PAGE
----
I have, for quite some time, felt the need to incorporate physical, sculptural objects in my video installations, but did not actually start making puppets myself until last year, for the installation, ‘Dreams of In-convenience’. I created three puppets for this installation. Each, a protagonist in the work, is a physical embodiment of the inner conflicts addressed in it, and guardians of the resulting immersive environment.
PD: The protagonist in my current work, is an old, spidery-armed female puppet, floating cross-legged, that jerks and twitches away from her audience, possessively clutching at objects she holds dear. Inspired by my grandmother’s frustrations and frantic attempts to cope with her fading memories, the puppet will embody the center of a larger installation involving multiple video projections, that house her memories and incorporate her flailing shadows, within them. Ultimately, I hope to fill the entire space with projections, transforming the studio into an interactive, shadow box, where the audience is inadvertently incorporated into the artwork, their shadows becoming part of the projections, immersed in these constantly evolving, imaginative spaces. The engagement of the audience with the work is essential to it – they become stand-ins for those that my grandmother is rejecting, replacing with her objects, as well as create room for a larger dialogue around our own preference of material objects, in place of real, unpredictable, often turbulent, human relationships.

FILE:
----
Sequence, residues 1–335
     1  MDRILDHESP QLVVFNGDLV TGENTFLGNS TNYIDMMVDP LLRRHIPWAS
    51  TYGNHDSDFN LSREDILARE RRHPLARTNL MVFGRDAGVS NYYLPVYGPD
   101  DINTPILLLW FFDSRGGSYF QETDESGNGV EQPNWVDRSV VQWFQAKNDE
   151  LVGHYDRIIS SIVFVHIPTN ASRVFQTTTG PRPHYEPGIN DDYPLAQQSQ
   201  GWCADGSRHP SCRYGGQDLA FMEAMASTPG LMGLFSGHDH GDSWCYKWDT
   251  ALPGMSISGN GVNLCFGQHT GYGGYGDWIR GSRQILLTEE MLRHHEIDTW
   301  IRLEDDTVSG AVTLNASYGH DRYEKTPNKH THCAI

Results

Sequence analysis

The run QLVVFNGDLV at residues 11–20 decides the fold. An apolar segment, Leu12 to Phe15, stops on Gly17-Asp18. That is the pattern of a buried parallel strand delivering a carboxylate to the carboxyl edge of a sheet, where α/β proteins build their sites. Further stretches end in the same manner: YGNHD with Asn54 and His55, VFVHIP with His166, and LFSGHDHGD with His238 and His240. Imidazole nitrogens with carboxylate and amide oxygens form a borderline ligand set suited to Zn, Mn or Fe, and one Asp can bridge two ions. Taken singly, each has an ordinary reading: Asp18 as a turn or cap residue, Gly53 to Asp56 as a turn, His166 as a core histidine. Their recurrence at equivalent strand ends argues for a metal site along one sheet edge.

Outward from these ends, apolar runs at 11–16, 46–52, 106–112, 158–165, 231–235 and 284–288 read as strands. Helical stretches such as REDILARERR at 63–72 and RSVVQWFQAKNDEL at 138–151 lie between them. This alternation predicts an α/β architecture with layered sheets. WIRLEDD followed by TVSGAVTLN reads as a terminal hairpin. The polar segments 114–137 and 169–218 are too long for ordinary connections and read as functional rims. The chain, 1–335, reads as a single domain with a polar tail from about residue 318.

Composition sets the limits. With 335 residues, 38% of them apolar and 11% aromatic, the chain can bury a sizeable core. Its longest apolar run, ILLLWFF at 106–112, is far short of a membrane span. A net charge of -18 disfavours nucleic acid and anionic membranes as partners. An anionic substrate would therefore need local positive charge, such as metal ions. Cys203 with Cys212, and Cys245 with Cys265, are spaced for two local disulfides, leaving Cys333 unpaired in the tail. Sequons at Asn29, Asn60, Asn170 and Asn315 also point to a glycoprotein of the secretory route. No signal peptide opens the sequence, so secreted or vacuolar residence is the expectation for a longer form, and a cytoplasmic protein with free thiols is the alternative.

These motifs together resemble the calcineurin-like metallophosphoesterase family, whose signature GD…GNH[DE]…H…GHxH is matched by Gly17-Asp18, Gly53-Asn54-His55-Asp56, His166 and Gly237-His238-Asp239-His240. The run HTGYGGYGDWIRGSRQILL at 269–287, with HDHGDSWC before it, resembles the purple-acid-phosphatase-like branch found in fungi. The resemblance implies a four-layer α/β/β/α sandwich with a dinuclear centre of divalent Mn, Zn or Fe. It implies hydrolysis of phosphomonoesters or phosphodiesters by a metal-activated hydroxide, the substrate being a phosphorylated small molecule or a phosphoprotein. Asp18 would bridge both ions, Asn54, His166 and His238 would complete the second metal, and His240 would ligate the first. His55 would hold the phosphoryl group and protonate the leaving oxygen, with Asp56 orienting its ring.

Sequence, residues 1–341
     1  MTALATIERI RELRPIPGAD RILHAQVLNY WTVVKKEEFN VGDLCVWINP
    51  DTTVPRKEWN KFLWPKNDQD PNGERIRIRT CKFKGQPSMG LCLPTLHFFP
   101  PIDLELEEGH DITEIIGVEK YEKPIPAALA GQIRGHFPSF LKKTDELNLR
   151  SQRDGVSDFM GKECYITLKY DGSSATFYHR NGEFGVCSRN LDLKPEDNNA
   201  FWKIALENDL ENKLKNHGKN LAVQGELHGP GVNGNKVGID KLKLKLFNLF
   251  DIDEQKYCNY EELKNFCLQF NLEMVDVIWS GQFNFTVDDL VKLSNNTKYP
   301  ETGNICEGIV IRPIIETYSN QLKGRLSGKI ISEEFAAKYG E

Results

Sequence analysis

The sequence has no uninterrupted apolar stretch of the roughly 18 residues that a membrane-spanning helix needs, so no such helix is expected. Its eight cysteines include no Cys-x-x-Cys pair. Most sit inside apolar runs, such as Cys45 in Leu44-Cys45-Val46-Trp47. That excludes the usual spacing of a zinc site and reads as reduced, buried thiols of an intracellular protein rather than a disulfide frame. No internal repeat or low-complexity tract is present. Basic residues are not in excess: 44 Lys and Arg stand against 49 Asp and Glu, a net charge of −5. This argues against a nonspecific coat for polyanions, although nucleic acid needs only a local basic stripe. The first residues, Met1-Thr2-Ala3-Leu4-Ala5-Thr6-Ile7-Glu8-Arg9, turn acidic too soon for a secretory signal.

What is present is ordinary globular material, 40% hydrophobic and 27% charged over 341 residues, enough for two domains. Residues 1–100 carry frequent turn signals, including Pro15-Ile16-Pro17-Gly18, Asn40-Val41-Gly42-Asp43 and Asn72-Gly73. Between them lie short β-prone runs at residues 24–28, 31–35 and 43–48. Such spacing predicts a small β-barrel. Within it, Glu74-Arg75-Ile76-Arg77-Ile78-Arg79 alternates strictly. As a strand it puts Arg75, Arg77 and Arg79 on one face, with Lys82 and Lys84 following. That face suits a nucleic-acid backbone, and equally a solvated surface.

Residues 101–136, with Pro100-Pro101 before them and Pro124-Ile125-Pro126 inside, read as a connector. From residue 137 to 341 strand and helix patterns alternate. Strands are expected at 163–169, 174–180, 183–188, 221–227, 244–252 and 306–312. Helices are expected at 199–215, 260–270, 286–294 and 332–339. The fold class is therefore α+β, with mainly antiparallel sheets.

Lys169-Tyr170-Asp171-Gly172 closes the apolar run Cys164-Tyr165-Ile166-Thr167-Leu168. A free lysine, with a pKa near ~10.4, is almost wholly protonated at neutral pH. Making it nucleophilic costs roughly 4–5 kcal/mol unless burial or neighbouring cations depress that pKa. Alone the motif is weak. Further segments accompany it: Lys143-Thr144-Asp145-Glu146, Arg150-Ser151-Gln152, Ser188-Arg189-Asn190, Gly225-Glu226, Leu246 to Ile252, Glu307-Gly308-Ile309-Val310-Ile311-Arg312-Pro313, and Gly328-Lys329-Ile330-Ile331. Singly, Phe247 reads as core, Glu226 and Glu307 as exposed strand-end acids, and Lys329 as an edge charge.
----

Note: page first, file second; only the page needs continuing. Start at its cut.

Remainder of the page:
AS: Can you tell us about your upcoming collaborative projects?
PD: I believe that every one of my works is the result of a collaboration. My husband, who is immensely patient with me, is a constant source of advice and feedback. In addition, I am hoping to collaborate with a programmer, to write the program that will enable the puppet to react to its audience, to achieve the kind of mechanized movements I am hoping for.
I am also hoping to collaborate with members of the band, Mon Khmer, who will compose music for the completed puppet, and perform this during the Dumbo Arts Festival in September.
Another collaborative project that I am involved in, separate from the puppet, is with performing artist and director, Soriya Chum, of Billy and Company. Our collaboration involves the direction and creation of an immersive, visual environment within which we will stage his adaptation of August Strindberg’s, ‘A Dream Play’. We plan to share the first act of this play with the public in the studio space in early October.